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Sending trial notifications with provisional authorization on iOS

In the world of iOS app development, engaging users effectively while respecting their preferences is crucial. Notifications can be a powerful tool for keeping users informed and engaged, but the challenge often lies in obtaining permission to send these notifications. Apple's User Notifications framework offers a solution that strikes a balance between engagement and user consent: provisional notifications. This feature allows apps to send notifications without upfront permission, providing a gentle introduction to our app's notifications.

Provisional authorization allows apps to send notifications silently to the Notification Center, bypassing the lock screen, banners, and sounds. This is an excellent way to showcase the value of our notifications without being intrusive.

# Requesting provisional authorization

To request provisional authorization, we'll need to use the same method as we'd use for the full authorization requestAuthorization(options:completionHandler:) on UNUserNotificationCenter, but we'll need to add the provisional option.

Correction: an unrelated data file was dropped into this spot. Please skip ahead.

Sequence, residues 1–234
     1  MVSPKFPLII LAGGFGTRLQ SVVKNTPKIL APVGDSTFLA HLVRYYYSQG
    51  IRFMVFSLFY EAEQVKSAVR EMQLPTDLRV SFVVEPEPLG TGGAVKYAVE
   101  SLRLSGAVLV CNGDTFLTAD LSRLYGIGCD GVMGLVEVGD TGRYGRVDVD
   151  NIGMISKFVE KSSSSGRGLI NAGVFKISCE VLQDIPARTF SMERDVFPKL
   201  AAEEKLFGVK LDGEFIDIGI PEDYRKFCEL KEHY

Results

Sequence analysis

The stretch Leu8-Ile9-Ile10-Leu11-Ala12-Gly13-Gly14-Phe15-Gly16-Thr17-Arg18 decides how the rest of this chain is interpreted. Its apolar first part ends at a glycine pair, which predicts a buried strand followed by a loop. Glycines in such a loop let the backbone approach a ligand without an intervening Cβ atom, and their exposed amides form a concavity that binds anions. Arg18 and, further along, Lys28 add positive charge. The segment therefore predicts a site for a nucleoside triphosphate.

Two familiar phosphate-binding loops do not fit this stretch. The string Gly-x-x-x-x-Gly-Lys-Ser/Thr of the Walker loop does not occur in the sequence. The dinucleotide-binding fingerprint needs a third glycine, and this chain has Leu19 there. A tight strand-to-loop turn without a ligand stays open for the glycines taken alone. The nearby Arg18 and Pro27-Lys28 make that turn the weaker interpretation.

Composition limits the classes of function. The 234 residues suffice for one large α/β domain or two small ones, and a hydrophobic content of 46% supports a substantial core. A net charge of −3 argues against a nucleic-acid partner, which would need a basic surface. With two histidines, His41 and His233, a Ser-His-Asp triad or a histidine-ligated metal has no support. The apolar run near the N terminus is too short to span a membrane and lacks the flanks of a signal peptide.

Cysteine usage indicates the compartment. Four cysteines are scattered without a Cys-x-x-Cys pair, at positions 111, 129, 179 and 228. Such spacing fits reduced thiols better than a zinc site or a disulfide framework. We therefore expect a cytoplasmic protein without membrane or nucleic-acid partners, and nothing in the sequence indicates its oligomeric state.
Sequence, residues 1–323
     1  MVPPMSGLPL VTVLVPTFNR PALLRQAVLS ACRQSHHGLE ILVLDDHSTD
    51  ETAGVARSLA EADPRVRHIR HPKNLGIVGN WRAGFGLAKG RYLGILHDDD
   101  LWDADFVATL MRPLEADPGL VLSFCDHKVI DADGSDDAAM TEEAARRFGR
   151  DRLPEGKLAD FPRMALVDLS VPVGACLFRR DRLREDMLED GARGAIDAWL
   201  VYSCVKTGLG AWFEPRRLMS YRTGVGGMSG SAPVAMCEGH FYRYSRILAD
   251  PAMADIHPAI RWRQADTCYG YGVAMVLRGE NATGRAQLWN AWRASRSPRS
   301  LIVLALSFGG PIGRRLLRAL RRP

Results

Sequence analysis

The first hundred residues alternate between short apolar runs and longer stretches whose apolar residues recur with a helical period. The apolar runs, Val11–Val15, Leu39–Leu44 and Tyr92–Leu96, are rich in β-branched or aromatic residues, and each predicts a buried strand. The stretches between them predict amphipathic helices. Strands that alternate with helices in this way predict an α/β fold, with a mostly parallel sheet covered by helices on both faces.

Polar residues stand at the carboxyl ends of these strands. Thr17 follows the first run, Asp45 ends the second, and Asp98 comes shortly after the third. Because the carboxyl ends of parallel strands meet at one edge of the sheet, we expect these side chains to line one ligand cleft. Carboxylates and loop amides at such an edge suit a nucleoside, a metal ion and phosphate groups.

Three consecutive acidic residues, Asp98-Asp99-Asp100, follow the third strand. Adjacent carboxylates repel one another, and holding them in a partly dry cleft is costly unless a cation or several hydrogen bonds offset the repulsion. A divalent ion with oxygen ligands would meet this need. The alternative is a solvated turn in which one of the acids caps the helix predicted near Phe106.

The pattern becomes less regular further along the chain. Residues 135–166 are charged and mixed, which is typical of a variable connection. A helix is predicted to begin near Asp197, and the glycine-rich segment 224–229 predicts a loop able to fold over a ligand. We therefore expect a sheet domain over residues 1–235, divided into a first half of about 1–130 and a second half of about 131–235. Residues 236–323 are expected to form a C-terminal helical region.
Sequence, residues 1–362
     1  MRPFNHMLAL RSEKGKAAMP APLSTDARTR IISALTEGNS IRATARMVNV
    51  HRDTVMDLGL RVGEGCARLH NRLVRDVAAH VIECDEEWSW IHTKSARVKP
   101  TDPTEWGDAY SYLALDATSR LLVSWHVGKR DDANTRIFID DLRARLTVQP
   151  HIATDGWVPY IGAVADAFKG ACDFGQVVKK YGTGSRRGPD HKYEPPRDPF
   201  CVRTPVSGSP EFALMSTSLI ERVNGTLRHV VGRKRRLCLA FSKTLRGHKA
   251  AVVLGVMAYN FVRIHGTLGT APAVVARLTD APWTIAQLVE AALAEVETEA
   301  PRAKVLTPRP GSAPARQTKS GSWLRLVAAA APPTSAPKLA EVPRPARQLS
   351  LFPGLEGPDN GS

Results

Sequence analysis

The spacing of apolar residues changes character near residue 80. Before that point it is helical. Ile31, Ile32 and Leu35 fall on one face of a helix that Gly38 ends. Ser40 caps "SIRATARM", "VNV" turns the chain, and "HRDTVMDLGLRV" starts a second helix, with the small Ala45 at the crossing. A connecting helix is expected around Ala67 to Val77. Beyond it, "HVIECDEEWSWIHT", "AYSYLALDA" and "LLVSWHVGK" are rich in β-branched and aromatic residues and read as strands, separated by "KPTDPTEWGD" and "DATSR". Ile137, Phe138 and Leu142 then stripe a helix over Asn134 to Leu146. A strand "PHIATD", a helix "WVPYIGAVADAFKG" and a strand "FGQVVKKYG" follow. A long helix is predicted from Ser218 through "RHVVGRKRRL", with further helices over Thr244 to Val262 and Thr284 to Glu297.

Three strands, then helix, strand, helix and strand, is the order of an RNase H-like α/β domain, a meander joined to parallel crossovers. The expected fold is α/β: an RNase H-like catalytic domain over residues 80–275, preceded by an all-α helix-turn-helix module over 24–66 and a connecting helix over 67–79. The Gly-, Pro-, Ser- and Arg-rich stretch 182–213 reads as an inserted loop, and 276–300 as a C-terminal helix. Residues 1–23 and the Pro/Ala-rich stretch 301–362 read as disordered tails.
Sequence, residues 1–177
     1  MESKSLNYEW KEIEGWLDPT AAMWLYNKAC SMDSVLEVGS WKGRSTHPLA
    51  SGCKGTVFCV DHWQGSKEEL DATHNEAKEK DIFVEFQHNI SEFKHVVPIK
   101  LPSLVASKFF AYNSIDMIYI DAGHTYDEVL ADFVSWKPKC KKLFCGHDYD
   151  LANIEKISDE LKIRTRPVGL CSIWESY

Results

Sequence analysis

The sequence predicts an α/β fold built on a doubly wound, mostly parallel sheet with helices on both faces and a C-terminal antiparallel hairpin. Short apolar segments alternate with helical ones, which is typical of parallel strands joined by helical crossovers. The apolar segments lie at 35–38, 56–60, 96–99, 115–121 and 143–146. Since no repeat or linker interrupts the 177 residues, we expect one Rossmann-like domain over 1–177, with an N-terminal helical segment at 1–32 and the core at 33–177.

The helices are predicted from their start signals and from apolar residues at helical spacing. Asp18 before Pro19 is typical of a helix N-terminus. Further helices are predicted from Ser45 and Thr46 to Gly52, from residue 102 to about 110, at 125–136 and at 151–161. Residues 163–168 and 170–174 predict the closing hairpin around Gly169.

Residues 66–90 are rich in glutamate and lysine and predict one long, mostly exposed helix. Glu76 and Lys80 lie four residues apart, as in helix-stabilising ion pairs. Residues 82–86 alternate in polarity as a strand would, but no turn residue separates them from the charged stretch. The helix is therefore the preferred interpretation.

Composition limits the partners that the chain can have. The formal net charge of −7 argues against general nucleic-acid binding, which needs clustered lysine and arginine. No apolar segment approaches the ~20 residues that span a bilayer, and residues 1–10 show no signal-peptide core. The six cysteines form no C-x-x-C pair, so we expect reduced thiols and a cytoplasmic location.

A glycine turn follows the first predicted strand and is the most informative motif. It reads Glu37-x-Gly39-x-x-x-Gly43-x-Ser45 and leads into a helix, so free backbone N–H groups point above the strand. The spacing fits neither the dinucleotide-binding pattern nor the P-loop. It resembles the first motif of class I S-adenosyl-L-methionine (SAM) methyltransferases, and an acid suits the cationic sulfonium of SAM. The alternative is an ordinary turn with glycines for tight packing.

let center = UNUserNotificationCenter.current()
do {
    try await center.requestAuthorization(
        options: [.alert, .sound, .badge, .provisional]
    )
} catch {
    print("Error requesting notification authorization: \(error)")
}

This code won't trigger a dialog prompting the user to allow notifications like it would do when requesting full authorization. It will silently grant our app notification permissions when first called. Since it won't be disruptive for the user, we don't have to wait for the right time to request authorization, and can do it right on app launch.

import UIKit
import UserNotifications

class AppDelegate: NSObject, UIApplicationDelegate {
    func application(
        _ application: UIApplication,
        didFinishLaunchingWithOptions launchOptions: [
            UIApplication.LaunchOptionsKey: Any
        ]?
    ) -> Bool {
        Task {
            let center = UNUserNotificationCenter.current()
            let authorizationStatus = await center